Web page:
A S C R A P B O O K O F S O L U T I O N S F O R T H E P H O T O G R A P H E R
Reviews of photography products that enhance the enjoyment of taking pictures. Published frequently but irregularly.
25 February 2013
(Rather than publish a long single-page review after we've shipped the review unit back, we've decided to report our OpticFilm 120 experience on a continuing diary-like basis with links in the Story box at the right to the other articles in the series. That gives you a chance to hit the Feedback button at the bottom of each article to get your questions answered promptly. -- Editor)
Installing the OpticFilm 120 is a two-step dance. Hardware one, software two. Both have a move or two to consider, too.
HARDWARE | Back to Contents
Installing the hardware involves locating the scanner in a convenient spot and cabling the power supply and a USB data cable to it.
While side-to-side clearance is not an issue, both back and front clearance is. The scanner requires about 14 inches in front to load any of the 13.25-inch long film holders. But what about the rear? If the holders are ejected from the slot in the rear of the scanner, you'd have to allow at least that much room behind the scanner, too.
That's a little awkward.
We suspect you load the holder completely into the scanner, which then moves the holder back out the front as each frame is scanned so you don't have to worry about back clearance -- or dust getting into the rear slot.
That's not quite how it works, it seems, after a few early scans. Sometimes the holder is ejected out the front, sometimes out the back, so you need full clearance in the rear, too.
Update: A few software revisions later, the behavior has cleared up a bit. During an Overview scan of the whole holder about as much of the holder sticks out the back as the rear cover extends. But the holder is now always ejected out the front slot.
Also worth mentioning is the weight of the unit. At 12.57 lbs. it isn't light. So even though the unit itself doesn't vibrate noticeably, make sure to set it on a sturdy support.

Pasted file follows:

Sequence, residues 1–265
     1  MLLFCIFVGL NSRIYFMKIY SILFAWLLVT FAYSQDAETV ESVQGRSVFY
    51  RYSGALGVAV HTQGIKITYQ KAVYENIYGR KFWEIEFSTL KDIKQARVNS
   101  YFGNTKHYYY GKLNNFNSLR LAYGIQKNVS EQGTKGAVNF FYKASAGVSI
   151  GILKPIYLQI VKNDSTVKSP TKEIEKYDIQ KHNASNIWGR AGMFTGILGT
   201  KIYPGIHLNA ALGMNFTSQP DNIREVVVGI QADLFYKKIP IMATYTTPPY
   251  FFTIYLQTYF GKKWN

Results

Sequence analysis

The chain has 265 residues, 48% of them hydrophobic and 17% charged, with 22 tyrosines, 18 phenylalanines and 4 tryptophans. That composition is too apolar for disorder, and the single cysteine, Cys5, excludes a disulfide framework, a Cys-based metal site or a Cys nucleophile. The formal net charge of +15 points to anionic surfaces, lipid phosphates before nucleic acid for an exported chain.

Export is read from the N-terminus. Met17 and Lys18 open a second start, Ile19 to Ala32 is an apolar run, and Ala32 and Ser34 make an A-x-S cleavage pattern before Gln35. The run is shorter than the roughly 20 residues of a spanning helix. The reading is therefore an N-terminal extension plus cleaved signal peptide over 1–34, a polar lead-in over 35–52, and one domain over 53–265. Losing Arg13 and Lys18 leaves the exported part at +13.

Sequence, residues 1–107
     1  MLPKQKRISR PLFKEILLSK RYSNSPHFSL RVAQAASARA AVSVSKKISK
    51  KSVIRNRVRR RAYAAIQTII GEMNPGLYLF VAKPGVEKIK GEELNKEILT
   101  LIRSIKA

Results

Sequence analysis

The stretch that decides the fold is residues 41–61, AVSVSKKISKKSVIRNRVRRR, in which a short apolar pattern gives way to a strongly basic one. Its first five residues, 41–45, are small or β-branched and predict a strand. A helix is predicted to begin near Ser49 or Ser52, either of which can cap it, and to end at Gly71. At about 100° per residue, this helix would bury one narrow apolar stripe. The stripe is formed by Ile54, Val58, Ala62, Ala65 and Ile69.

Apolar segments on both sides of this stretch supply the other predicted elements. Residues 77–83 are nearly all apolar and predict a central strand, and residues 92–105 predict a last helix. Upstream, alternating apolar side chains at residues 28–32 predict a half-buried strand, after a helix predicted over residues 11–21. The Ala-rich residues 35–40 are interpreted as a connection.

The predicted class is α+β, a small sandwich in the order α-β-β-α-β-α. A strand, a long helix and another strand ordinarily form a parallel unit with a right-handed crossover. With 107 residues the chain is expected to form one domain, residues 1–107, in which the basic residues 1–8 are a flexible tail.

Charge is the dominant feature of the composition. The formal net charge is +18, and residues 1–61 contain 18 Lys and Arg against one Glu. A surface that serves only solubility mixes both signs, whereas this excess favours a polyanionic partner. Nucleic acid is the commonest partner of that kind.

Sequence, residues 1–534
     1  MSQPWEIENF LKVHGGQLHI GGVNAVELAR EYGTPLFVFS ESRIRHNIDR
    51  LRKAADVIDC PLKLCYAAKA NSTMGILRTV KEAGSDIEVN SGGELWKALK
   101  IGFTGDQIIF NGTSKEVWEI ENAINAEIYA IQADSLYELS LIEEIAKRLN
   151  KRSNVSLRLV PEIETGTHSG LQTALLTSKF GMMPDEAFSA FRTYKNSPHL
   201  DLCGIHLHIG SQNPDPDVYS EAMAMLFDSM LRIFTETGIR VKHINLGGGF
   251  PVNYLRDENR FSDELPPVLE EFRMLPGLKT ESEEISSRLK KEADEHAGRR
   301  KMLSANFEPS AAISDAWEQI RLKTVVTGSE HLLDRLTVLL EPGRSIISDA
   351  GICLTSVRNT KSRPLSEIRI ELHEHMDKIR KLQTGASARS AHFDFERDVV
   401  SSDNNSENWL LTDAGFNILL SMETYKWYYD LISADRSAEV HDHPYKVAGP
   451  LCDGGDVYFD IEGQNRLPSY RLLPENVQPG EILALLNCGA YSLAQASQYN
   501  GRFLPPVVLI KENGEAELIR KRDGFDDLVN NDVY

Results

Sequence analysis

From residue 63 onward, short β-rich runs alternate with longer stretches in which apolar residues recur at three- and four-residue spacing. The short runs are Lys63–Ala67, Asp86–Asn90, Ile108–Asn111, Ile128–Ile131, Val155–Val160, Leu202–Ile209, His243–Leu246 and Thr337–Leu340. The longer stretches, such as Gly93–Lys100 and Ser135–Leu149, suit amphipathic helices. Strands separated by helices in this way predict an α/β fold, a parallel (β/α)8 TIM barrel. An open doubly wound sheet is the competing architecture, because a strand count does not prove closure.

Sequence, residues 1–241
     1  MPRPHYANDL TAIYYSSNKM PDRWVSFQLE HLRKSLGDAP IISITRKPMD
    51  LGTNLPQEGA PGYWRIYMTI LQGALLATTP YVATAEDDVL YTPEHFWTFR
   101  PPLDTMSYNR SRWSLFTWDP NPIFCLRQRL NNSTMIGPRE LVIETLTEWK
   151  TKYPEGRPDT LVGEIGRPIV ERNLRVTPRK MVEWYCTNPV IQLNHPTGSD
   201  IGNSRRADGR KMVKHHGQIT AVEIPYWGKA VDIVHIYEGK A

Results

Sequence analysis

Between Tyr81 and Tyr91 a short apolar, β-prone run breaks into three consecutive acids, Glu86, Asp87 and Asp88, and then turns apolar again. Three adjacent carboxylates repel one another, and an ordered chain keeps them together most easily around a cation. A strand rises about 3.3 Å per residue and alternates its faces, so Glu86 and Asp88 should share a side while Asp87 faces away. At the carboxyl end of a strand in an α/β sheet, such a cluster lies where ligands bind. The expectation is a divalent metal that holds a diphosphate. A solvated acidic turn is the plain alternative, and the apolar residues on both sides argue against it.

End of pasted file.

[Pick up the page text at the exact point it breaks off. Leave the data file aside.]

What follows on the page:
HOLDERS | Back to Contents
The holders themselves are among the best engineered film holders we've used. They are heavier than most, almost half an inch thick with a geared track on one side and smooth track on the opposite long side.
The front of each holder has a handle that identifies the holder and on the back edge a white square no doubt aides calibration. Except for the five-frame 35mm slide holder, the holders use a hinge mechanism which attaches with magnets to sandwich the film securely in the holder.
Update: We have more on the holders in the Holders Report.
PLUGGING IT IN | Back to Contents
The Quick Guide (all of 14 pages in English) recommends plugging the power adapter into the scanner first before plugging the adapter itself into the wall. You likewise then plug the USB cable into the scanner before connecting it to your computer's USB port.
The included USB cable is about five feet long.
To power it up, you simply press the Power button. The logo immediately lights up in blue to indicate the unit it ready.
To power the unit off, you hold the Power button in for three seconds. We're not sure why it isn't a simple toggle, but it isn't.
There's only one other button to worry about on the scanner. It's the Eject button to crank the holder out of the scanner when you've finished with it.
SOFTWARE | Back to Contents
Included with the OpticFilm 120 is a DVD case with two CDs:
- One includes the Plustek driver and associated materials like the full user guide.
- The other includes SilverFast 8. To activated SilverFast 8 (and to register it and to upgrade it, too) you'll need the serial number printed on the front of the DVD case. So it's an important number you should copy to your drive for reference.
We installed the Mac OS 10 version on a 13-inch MacBook Pro we use as a scanning station. An Intel processor is required on the Mac.